It’s Raining Today
by Mark Left
When I dream it is raining. That is normal, that is what it does in Poland. Rain falling in sheets like wire mesh stretched to the four horizons. Keeping me in, shutting me out – it is all the same thing.
I can’t get up, but I can look about me. I’m glad I chose the top bunk. It is warmer here and a trickle of condensation tracks down the brickwork within tongue’s reach. The boy next to me has not moved in days.
Effi’s in the doorway, pale and beloved, her sightless blue-grey eyes steady and reassuring. Too precious to me now and the last thing I’ll let slip from me if I die here. Her hands are the ones I know most, more than my own. I have traced the lines on her palms which are shaped like our mother’s.
Peter in the bunk below whispers in the night that soldiers are coming. Nobody knows who or when. We hope for the British or Americans. The guards keep a casual watch, some drunk and violent. Reprisals come fast, deadly and unquestioned. I have not seen my friend Tomas since yesterday when they dragged him away. He pushed his precious bread crust into my hands as they kicked open the door, more life for me in the final minutes of his. I wanted to save it, but I ate it all.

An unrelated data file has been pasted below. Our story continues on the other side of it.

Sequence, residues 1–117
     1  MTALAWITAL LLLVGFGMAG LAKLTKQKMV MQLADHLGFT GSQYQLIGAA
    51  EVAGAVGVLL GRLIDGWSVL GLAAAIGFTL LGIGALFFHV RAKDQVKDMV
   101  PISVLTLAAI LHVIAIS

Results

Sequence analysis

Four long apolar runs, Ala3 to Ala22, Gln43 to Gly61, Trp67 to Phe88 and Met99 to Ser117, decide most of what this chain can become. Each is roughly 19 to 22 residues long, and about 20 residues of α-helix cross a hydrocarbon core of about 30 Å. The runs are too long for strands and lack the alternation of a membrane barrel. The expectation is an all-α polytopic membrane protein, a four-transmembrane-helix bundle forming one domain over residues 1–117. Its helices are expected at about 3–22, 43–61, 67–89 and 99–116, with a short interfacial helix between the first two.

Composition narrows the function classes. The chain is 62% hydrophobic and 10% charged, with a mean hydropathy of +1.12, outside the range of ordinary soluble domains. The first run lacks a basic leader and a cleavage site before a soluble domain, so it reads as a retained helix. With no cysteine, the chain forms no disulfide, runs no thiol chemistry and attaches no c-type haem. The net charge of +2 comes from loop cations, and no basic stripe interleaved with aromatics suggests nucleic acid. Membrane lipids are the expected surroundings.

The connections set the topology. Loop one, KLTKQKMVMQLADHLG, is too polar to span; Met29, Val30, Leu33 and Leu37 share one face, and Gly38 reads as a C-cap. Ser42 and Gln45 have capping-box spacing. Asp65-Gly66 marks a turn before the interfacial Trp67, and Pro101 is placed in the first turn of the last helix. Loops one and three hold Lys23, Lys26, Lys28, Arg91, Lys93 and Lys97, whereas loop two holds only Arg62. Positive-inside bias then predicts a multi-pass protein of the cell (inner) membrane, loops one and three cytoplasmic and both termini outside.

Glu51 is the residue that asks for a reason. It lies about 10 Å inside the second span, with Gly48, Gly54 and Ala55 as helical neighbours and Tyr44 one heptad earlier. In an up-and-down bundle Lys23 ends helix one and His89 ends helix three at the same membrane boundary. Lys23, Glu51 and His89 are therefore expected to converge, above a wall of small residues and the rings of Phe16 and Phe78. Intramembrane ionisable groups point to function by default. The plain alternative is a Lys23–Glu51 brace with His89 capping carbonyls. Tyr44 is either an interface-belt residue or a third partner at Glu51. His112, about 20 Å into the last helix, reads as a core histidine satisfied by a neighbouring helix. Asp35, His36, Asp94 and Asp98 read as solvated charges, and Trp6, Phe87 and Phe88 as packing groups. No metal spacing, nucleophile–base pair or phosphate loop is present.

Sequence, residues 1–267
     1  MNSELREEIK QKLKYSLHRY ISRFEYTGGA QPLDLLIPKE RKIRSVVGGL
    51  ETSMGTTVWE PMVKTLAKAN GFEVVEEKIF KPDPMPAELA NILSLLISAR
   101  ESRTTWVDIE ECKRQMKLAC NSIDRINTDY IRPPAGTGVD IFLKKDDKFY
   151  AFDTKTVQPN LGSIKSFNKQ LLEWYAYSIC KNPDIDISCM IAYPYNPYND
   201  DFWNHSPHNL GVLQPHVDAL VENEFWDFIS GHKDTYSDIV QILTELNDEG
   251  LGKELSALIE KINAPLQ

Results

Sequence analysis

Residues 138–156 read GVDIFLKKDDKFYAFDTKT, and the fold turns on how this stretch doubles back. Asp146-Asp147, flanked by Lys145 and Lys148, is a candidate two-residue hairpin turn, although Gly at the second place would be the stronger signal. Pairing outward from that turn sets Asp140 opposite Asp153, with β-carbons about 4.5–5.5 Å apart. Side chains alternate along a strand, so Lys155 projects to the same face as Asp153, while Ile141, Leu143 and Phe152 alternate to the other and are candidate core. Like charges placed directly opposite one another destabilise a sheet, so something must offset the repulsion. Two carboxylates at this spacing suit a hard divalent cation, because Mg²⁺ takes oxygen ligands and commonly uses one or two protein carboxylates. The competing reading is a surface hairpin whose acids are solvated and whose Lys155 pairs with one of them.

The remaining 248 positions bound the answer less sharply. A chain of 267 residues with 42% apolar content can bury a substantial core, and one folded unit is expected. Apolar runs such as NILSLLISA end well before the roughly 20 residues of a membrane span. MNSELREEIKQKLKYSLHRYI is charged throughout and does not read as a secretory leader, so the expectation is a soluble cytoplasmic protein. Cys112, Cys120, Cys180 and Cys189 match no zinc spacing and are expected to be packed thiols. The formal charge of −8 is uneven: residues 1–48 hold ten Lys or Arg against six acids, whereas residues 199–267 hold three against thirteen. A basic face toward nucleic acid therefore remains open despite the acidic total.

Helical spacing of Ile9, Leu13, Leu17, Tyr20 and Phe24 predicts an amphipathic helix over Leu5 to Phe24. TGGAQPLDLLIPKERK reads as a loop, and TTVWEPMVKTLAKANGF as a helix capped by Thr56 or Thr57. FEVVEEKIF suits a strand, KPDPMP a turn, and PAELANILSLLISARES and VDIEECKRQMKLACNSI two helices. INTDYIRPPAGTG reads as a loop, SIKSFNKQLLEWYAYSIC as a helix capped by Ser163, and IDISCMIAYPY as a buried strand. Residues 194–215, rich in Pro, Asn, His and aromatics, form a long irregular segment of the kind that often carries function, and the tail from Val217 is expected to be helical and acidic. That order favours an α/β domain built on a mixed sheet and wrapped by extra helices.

Effi has slipped away. Girls are not allowed to come here and she takes a risk each time. She does not cross the threshold. Another girl was beaten for it. My thoughts follow Effi outside, trailing after her like a loving hound. I think she lives nearby but there are so many huts here.
The trains do not come across the border any more. Ours was one of the last. Over many days, each time Effi woke she’d tell me she’d been home. I was pleased she found freedom in her dreams. She spoke of her tenth birthday at the café, dancing to our sister’s violin, her laughter at Papa slipping us lemonade and chocolates under the counter.
She made light of the crush and the stinking bucket, her eyes her strength. She often asked what I saw. I described paintings on the walls where there were only rough planks. I talked of the cheerful faces of the passengers where there was just hunger and filth in the shadows. And one morning I spoke of our mother’s smile where there was only her corpse gently rolling with the motion of the cattle car, but Effi already knew.
I heard shouting this morning, gunshots, the roar of lorries. There are burning smells in the air. Effi is here more than ever, appearing and vanishing whenever I will her presence. She makes me happy. She would cheer up Peter too, I’m sure, but whenever I ask him to say hello he won’t. He just weeps in frustration, points at the rain beyond the doorway and tells me there’s nobody there.
Mark Left has been published in a number of online zines and is a Senior Editor for @VirtualZine. He won first place in the Cambridge Short Story Prize 2018 and recently completed the first draft of a novel. He lives with his family on a hill in Warwickshire, UK, and can be found on Twitter as @ottobottle.
Photograph by Emily Devane.